First we will use a simple simulation in which multiple replicate observations are taken at each timepoint for two different species. The simulation produces observations at a single site over six years, with five replicate surveys per year. Each species is simulated to have different nonlinear temporal trends and different detection probabilities. For now, detection probability is fixed (i.e. it does not change over time or in association with any covariates). Notice that we add the `cap` variable, which does not need to be static, to define the maximum possible value that we think the latent abundance could be for each timepoint. This simply needs to be large enough that we get a reasonable idea of which latent N values are most likely, without adding too much computational cost:
```{r}
set.seed(999)
# Simulate observations for species 1, which shows a declining trend and 0.7 detection probability
data.frame(site = 1,
# five replicates per year; six years
replicate = rep(1:5, 6),
time = sort(rep(1:6, 5)),
species = 'sp_1',
# true abundance declines nonlinearly
truth = c(rep(28, 5),
rep(26, 5),
rep(23, 5),
rep(16, 5),
rep(14, 5),
rep(14, 5)),
# observations are taken with detection prob = 0.7
obs = c(rbinom(5, 28, 0.7),
rbinom(5, 26, 0.7),
rbinom(5, 23, 0.7),
rbinom(5, 15, 0.7),
rbinom(5, 14, 0.7),
rbinom(5, 14, 0.7))) %>%
# add 'series' information, which is an identifier of site, replicate and species
dplyr::mutate(series = paste0('site_', site,
'_', species,
'_rep_', replicate),
time = as.numeric(time),
# add a 'cap' variable that defines the maximum latent N to
# marginalize over when estimating latent abundance; in other words
# how large do we realistically think the true abundance could be?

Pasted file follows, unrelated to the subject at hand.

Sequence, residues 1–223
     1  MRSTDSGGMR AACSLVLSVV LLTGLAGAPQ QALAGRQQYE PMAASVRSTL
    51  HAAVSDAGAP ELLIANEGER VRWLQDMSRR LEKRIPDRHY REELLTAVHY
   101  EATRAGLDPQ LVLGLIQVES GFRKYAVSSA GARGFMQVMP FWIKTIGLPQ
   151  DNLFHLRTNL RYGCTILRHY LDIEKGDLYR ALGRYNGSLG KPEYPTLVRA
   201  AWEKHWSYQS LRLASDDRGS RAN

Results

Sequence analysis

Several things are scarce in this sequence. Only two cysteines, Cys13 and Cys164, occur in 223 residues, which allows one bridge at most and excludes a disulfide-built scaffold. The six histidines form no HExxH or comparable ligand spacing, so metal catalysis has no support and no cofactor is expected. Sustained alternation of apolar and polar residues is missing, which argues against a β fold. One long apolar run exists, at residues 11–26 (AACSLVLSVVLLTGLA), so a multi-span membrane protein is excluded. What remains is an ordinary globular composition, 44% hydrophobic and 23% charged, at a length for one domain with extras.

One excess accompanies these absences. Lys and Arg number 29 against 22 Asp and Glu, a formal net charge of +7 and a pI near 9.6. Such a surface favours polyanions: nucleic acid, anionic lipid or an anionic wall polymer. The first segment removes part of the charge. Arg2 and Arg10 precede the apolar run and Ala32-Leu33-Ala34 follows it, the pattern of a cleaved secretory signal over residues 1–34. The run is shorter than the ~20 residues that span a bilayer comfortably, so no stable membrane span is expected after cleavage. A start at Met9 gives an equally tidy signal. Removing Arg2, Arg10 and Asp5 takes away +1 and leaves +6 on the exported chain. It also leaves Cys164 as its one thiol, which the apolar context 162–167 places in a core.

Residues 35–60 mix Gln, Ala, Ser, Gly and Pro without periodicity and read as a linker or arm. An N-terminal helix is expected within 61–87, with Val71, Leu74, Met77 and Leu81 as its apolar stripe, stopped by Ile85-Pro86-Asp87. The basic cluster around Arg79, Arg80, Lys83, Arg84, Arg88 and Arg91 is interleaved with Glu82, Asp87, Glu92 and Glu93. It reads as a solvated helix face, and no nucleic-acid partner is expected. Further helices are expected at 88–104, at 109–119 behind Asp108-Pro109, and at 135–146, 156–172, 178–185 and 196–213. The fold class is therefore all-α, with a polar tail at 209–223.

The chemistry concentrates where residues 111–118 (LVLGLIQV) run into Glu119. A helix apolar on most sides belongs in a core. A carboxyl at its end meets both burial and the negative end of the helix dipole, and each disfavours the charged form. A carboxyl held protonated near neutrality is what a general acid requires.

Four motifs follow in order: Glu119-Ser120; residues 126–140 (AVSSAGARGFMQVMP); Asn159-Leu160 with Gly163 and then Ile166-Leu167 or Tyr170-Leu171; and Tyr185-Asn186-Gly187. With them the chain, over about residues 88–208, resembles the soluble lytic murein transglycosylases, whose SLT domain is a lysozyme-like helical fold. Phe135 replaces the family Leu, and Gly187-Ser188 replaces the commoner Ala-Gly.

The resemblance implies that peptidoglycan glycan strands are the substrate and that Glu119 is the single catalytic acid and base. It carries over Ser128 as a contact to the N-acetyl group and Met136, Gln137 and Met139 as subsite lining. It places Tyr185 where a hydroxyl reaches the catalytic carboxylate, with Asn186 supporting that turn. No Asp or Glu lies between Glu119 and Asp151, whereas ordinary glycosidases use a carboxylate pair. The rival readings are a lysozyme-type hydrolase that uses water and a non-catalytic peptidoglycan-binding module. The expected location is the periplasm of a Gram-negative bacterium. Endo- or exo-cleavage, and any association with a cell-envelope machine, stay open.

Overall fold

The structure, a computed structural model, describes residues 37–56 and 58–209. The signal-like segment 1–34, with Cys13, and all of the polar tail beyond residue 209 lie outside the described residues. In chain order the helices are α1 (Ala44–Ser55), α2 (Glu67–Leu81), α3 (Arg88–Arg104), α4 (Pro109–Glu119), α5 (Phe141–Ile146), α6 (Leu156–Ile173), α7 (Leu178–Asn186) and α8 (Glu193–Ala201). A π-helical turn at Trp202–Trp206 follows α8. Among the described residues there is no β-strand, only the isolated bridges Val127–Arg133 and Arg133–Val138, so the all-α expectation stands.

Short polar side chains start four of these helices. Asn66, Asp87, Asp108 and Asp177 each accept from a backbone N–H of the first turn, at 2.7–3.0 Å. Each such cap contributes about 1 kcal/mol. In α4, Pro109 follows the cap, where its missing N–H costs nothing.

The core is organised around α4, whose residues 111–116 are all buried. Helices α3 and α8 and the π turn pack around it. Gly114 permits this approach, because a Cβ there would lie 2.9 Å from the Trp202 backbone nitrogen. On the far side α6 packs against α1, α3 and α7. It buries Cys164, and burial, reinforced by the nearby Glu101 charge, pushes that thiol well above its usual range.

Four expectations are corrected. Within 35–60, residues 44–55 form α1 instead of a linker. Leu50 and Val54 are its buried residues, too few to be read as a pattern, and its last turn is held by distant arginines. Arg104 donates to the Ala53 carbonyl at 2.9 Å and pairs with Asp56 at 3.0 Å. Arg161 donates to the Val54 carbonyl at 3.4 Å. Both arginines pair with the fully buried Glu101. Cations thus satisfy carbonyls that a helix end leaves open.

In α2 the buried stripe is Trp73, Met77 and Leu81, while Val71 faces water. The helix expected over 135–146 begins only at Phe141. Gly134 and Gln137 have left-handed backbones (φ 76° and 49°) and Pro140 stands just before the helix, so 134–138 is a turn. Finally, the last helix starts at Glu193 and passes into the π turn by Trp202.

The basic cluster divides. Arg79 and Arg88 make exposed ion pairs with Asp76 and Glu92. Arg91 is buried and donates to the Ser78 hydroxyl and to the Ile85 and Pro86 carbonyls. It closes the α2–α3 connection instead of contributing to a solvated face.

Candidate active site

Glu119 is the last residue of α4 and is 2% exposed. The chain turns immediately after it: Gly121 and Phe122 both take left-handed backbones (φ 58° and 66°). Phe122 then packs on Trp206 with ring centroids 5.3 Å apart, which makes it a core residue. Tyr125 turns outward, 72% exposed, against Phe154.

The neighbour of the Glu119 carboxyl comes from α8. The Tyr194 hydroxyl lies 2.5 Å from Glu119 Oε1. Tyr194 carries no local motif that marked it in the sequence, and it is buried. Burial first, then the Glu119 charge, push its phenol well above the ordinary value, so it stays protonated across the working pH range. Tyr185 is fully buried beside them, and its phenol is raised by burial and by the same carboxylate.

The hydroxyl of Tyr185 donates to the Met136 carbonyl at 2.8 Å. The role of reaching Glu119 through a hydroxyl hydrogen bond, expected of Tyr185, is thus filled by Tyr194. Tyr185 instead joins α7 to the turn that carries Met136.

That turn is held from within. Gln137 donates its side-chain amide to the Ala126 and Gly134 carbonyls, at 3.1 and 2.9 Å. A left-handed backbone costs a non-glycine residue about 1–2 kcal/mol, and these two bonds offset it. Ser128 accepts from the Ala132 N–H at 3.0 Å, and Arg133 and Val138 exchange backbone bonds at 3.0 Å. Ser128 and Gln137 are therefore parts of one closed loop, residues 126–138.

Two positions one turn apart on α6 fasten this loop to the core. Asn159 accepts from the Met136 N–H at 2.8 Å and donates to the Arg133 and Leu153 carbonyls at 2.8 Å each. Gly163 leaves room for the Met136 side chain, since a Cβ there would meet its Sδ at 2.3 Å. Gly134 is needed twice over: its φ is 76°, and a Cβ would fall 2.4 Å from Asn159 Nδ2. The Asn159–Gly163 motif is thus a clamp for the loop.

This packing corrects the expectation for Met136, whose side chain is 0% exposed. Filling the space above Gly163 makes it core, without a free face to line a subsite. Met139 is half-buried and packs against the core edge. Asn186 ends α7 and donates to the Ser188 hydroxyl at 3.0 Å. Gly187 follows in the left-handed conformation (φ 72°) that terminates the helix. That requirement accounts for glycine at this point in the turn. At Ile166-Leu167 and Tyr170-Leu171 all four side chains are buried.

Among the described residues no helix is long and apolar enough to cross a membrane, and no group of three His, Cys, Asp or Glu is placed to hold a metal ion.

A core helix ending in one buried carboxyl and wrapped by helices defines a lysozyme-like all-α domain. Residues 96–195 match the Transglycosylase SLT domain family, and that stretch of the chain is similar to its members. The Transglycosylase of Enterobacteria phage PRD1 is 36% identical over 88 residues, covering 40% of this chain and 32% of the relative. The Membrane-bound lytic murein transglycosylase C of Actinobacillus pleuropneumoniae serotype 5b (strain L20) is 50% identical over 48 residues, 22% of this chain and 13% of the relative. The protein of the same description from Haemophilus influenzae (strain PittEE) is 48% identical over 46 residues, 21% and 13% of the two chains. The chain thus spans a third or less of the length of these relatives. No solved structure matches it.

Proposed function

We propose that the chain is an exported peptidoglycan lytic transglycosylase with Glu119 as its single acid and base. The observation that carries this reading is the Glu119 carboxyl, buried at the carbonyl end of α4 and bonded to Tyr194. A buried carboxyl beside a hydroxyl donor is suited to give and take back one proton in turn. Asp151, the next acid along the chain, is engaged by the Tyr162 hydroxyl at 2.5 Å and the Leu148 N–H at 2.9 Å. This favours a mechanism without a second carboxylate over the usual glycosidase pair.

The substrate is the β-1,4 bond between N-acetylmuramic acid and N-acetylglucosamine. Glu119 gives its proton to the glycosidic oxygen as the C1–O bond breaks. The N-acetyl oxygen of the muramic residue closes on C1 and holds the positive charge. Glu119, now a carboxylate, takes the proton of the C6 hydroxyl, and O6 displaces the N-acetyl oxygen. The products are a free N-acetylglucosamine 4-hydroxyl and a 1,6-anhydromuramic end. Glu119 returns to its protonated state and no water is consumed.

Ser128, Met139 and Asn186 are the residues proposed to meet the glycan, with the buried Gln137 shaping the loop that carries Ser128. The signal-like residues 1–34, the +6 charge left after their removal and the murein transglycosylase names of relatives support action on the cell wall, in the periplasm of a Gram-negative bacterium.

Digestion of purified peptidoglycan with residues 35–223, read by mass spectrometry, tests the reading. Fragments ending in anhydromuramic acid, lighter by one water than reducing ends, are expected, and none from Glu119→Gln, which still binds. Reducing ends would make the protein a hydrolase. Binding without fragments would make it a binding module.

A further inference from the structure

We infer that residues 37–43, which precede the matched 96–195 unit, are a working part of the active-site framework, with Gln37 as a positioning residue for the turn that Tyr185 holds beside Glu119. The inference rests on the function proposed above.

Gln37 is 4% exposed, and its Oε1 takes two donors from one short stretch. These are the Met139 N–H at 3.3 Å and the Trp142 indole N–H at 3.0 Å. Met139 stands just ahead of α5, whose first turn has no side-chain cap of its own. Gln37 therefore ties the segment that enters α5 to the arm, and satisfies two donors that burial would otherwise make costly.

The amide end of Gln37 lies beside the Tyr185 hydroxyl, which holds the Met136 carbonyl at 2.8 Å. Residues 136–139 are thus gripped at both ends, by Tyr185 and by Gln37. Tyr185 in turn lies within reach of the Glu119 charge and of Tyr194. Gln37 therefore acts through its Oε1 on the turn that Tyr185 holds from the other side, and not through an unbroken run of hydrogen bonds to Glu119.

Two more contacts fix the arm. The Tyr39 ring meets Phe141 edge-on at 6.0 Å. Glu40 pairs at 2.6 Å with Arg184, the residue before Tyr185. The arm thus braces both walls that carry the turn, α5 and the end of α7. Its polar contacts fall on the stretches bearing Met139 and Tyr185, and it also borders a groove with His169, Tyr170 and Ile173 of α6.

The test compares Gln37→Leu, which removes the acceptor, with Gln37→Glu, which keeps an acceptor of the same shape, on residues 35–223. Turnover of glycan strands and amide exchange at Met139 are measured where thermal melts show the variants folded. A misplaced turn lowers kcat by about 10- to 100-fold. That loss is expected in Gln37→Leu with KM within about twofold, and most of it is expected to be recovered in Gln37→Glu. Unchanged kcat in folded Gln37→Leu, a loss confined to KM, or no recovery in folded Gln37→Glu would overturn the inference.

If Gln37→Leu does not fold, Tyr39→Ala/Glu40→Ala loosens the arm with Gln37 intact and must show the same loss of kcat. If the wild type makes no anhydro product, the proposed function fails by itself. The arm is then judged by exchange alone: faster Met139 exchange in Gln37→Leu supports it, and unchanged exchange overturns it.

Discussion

cap = 100) %>%
dplyr::select(- replicate) -> testdat
# Now add another species that has a different temporal trend and a smaller
# detection probability (0.45 for this species)
testdat = testdat %>%
dplyr::bind_rows(data.frame(site = 1,
replicate = rep(1:5, 6),
time = sort(rep(1:6, 5)),
species = 'sp_2',
truth = c(rep(4, 5),
rep(7, 5),
rep(15, 5),
rep(16, 5),
rep(19, 5),
rep(18, 5)),
obs = c(rbinom(5, 4, 0.45),
rbinom(5, 7, 0.45),
rbinom(5, 15, 0.45),
rbinom(5, 16, 0.45),
rbinom(5, 19, 0.45),
rbinom(5, 18, 0.45))) %>%
dplyr::mutate(series = paste0('site_', site,
'_', species,
'_rep_', replicate),
time = as.numeric(time),
cap = 50) %>%
dplyr::select(-replicate))
```
This data format isn't too difficult to set up, but it does differ from the traditional multidimensional array setup that is commonly used for fitting N-mixture models in other software packages. Next we ensure that species and series IDs are included as factor variables, in case we'd like to allow certain effects to vary by species
```{r}
testdat$species <- factor(testdat$species,
levels = unique(testdat$species))
testdat$series <- factor(testdat$series,
levels = unique(testdat$series))
```
Preview the dataset to get an idea of how it is structured:
```{r}
dplyr::glimpse(testdat)
head(testdat, 12)
```
### Setting up the `trend_map`
Finally, we need to set up the `trend_map` object. This is crucial for allowing multiple observations to be linked to the same latent process model (see more information about this argument in the [Shared latent states vignette](https://nicholasjclark.github.io/mvgam/articles/shared_states.html){target="_blank"}). In this case, the mapping operates by species and site to state that each set of replicate observations from the same time point should all share the exact same latent abundance model:
```{r}
testdat %>%
# each unique combination of site*species is a separate process
dplyr::mutate(trend = as.numeric(factor(paste0(site, species)))) %>%
dplyr::select(trend, series) %>%
dplyr::distinct() -> trend_map
trend_map
```
Notice how all of the replicates for species 1 in site 1 share the same process (i.e. the same `trend`). This will ensure that all replicates are Binomial draws of the same latent N.
### Modelling with the `nmix()` family
Now we are ready to fit a model using `mvgam()`. This model will allow each species to have different detection probabilities and different temporal trends. We will use `Cmdstan` as the backend, which by default will use Hamiltonian Monte Carlo for full Bayesian inference
```{r include = FALSE, results='hide'}
mod <- mvgam(
# the observation formula sets up linear predictors for
# detection probability on the logit scale
formula = obs ~ species - 1,
# the trend_formula sets up the linear predictors for
# the latent abundance processes on the log scale